This study looked at the implementation of State policies aimed at the development of primary stroke centers. In 2004, the American Stroke Association developed the Stroke System of Care, a series of recommendations to improve treatment of stroke. One recommendation encouraged states to support legislated or regulated primary stroke center designation and, in some cases, revised EMS transport protocols. Methodology for this study included an analytical scan of a legislative database and relevant websites for policy activity in primary stroke center designation, as well as case study approach profiling four states' primary stroke center policy development and implementation.
The study identified several key components to successful policy adoption and implementation. They include: clarify legislation into regulations and rules; clarify roles and responsibilities of partners, state government and implementers including identifying a lead agency; ensure the availability of resources for implementation and oversight; establish and use advisory groups to ensure current science is reflected; coordinate elements in the overall system of stroke care; clarify implications for insurers, Medicare, and Medicaid; support stroke care in isolated and rural areas such as telemedicine; create policy feedback opportunities; and establish and maintain data for quality improvement. Barriers to policy implementation were also identified which include the lack of a state stroke system of care including disjointed emergency response and hospital communication; controversy around the use of Tissue Plasminogen Activator; financial and regulatory disincentives; and intrastate and interstate barriers to telemedicine.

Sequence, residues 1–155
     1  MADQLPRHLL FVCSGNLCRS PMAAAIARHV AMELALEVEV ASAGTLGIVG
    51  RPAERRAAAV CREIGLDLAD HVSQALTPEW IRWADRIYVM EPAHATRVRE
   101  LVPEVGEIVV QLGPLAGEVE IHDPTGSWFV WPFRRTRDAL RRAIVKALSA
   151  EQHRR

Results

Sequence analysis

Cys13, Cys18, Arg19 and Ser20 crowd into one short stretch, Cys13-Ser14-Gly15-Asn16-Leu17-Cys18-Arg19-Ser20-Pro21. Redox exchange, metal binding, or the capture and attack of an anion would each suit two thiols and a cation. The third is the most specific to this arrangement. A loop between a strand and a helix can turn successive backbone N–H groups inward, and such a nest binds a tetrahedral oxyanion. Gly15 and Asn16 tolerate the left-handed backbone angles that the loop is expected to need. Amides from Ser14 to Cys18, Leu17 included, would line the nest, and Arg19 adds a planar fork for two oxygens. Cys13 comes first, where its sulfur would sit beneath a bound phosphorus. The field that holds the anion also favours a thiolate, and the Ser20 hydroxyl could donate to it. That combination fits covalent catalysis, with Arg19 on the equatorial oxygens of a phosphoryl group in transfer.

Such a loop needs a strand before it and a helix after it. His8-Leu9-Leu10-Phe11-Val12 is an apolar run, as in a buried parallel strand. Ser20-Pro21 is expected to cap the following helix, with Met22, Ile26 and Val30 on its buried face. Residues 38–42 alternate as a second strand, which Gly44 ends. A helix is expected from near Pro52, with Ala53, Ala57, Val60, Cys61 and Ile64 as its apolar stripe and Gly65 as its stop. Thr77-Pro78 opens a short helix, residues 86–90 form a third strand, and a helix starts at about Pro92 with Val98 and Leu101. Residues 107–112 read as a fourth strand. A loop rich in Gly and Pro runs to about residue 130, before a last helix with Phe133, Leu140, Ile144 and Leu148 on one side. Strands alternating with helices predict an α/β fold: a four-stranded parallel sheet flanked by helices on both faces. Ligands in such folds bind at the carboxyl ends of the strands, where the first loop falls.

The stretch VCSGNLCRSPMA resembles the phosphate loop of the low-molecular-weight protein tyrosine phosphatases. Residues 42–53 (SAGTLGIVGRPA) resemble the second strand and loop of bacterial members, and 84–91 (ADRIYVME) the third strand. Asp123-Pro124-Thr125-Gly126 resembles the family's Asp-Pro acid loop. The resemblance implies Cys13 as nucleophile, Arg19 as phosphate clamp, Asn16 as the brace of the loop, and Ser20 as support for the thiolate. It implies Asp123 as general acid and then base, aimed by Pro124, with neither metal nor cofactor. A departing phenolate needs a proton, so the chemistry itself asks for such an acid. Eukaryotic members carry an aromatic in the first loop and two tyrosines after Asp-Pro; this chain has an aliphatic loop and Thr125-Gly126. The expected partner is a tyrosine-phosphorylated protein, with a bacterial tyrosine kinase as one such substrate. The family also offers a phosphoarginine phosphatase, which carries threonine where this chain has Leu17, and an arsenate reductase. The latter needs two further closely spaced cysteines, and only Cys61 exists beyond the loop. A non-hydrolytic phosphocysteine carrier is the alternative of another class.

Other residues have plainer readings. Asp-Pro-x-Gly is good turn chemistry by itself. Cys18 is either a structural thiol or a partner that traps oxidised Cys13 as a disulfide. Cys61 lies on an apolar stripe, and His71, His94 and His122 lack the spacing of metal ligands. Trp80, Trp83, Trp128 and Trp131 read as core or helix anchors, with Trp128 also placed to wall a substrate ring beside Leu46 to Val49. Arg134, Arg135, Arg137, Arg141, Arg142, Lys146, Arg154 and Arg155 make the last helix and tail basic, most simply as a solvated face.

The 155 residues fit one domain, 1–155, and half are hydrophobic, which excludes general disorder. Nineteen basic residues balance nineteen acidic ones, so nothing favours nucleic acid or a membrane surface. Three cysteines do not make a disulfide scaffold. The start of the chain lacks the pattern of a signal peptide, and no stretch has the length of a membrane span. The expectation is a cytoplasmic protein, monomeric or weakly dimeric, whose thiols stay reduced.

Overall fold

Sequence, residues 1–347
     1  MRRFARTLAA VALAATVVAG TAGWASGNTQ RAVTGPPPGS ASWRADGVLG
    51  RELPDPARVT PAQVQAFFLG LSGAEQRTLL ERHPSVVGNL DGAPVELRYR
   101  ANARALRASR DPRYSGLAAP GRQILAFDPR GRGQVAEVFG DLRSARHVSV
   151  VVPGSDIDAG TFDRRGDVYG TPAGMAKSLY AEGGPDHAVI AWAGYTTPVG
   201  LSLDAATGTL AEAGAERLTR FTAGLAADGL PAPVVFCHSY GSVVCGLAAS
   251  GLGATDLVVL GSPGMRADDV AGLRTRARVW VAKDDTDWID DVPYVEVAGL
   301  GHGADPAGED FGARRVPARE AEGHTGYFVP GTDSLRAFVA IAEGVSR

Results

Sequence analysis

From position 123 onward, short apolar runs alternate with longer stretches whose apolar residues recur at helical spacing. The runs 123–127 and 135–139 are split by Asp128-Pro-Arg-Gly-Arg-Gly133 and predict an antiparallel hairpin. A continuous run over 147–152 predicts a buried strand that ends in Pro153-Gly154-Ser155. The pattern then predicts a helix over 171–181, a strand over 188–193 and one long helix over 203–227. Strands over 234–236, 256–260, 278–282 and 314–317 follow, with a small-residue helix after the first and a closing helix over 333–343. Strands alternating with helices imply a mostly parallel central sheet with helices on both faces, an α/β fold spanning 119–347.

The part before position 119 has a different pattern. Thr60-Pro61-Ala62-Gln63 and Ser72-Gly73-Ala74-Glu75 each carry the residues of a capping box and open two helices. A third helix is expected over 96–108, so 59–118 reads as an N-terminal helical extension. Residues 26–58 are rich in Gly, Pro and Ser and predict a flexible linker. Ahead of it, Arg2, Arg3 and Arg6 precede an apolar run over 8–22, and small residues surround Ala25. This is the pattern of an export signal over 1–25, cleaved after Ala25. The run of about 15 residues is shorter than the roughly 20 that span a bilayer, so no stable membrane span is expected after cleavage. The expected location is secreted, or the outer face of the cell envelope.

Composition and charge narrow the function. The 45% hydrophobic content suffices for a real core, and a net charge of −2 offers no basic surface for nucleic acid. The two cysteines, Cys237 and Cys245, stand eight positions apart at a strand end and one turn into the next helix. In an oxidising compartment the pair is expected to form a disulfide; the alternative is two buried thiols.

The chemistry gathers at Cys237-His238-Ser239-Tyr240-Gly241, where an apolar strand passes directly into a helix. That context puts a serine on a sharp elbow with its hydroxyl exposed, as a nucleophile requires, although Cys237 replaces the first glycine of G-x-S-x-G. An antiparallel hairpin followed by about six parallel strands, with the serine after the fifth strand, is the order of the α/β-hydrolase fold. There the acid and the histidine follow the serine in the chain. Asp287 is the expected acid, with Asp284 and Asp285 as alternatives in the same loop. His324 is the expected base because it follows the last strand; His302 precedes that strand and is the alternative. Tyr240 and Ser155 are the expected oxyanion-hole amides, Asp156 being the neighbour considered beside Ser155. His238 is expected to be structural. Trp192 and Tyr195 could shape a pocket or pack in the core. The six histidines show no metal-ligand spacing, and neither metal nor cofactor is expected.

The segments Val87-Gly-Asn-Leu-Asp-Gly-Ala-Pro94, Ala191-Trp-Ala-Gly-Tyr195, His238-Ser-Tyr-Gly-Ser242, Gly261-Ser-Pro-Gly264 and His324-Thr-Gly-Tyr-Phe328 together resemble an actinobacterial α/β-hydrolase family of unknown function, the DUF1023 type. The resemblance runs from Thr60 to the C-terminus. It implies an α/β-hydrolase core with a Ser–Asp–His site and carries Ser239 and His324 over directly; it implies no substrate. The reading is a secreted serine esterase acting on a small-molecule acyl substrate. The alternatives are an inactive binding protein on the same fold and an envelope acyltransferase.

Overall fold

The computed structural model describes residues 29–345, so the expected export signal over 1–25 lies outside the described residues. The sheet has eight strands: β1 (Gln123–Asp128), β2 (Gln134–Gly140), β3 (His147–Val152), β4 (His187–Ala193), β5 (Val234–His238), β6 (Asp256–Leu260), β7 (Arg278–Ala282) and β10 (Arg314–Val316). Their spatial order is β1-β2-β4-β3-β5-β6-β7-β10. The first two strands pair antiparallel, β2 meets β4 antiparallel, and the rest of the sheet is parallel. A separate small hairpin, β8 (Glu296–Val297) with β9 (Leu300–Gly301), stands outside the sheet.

Report Title: Primary Stroke Center Legislation and Implementation Study
Agency Sponsor: CDC, Centers for Disease Control and Prevention
Federal Contact: Thomas Chapel, 404-639-2116//SUSAN LADD?
Performer: University of Georgia School of International and Public Affairs
Record ID: 9871 (December 31, 2011)